Programming languages and systems


Programming is communication between humans about the intended behaviour of a system. The programs that we write are serve two purposes: to be understood by other human readers, and to be fed into a computer as instructions for how to behave.


There are very different requirements for these intended audiences. Whereas a computer does not care much about how its instructions are structured or what names are used to describe operations and data, human programmers do. To help the human readers (often ourselves a couple of weeks or months down the road) understand what a program does, we build abstractions that hide complexity and construct software through layers upon layers of increasing abstraction to bridge the gap between the ”1’s and 0’s” and the domain where some software is used. Thus, the act of programming is one of operationalising, and thereby understanding complex workflows, and explaining them to others and ourselves.

Different programs stress about different aspects of computation. When we write software for the bottom layers of the stack, each byte or instruction is on the critical path to performance for each layer above. This warrants focus on resource management, optimisation and efficient resource use. Higher up in the stack, we may be more concerned about the ease of maintenance, extensibility and closeness to the domain, or the time it takes from inception to deployment.

The research area of programming languages and systems is concerned with the fundamentals of software development. What should a language look like to be suitable for all of the above? How do we verify that bad things never happen (e.g. we get an invalid result) while guaranteeing that good things eventually happen (e.g. we get a result)? We study different approaches to programming: functional and declarative paradigms where programming is about explaining the meaning of operations, as well as imperative paradigms where programming is about step-by-step instructions. Specialist paradigms like constraint programming is useful for efficiently solving certain kinds of problems, etc. We also study aspects of programming in software development: how to guarantee that programs are working correctly (verification), how to infer operations from input-output examples (synthesis), how to efficiently execute programmers' instructions (compilers and runtime systems), etc.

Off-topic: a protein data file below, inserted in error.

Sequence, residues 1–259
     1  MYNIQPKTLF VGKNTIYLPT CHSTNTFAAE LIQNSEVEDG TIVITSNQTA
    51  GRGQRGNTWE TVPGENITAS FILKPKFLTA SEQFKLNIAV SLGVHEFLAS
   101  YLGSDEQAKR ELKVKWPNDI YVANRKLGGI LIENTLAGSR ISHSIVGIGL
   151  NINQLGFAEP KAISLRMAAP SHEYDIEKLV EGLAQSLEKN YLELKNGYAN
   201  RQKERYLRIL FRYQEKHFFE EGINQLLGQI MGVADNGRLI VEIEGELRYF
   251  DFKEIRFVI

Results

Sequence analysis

• Formal semantics: Mathematical modelling of programming languages, for example to prove properties about programs or programming languages
  • Model checking: Verifying the correctness of finite-state models
  • Programming language design: Design of type systems and other programming language constructs for increased programmer expressivity
  • Probabilistic programming: Statistical modelling using techniques from programming languages
  • Program synthesis: Synthesising programs from other sources than code, for example natural language descriptions or examples
  • Program verification: Ensuring that programs are correct with respect to their specification
  • Runtime systems: Efficient implementations of memory management, garbage collection and concurrency
  • Constraint programming: An AI approach to optimisation by systematic search: modelling languages, high-level constraints, high-level types for decision variables
  • Constraint-based local search: Modelling languages, search languages, solver design

  • Jonas Norlinder was named a Distinguished Artefact Reviewer at ECOOP 2022
  • Jonas Norlinder won 3rd place in the PLDI 2020 SRC with his poster based on his master thesis work
  • Distinguished Artefact at Programming Language Design and Implementation (PLDI) 2020 (Albert Mingkun Yang, Erik Österlund, and Tobias Wrigstad)
  • Distinguished Artifact at Software Language Engineering (SLE) 2019 (Elias Castegren and Kiko Fernandez)
  • Dahl-Nygaard Junior Prize 2012 to Tobias Wrigstad

  • 1DL006: Programming for Teacher Training Students
  • 1DL028: Object-Oriented Programming in Java
  • 1DT034: Programming Theory
  • 1DL042: Programming
  • 1TD062: High Performance Programming
  • 1DT096: Operating Systems and Process-Oriented Programming
  • 1DL201: Program Design and Data Structures
  • 1DL221: Imperative and Object-Oriented Programming Methodology
  • 1DL242: Advanced Software Design
  • 1DL311: Semantics of Programming Languages
  • 1DL321: Compiler Design I
  • 1TD327: Programming in Python
  • 1DL330: Functional Programming I
  • 1TD433: Computer Programming I
  • 1DL442: Combinatorial Optimisation and Constraint Programming (slides)
  • 1DL450: Advanced Functional Programming
  • 1DL451: Modelling for Combinatorial Optimisation (slides)
  • 1DL530: Introduction to Parallel Programming
  • 1DL541: Language Abstractions for Concurrent and Parallel Programming
  • 1DL550: Low-Level Parallel Programming
  • 1DL560: Parallel Programming for Efficiency
  • 1DL580: Project in Concurrent and Parallel Programming
  • 1DL601: Maintenance Programming
  • 1TD722: Computer Programming II
  • Introduction to Programming Language Research (PhD course)